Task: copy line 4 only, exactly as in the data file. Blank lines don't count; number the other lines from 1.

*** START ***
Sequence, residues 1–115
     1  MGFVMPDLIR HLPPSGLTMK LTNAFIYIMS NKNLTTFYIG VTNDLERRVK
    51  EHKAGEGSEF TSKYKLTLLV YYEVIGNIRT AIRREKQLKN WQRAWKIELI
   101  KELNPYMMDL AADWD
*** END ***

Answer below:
   101  KELNPYMMDL AADWD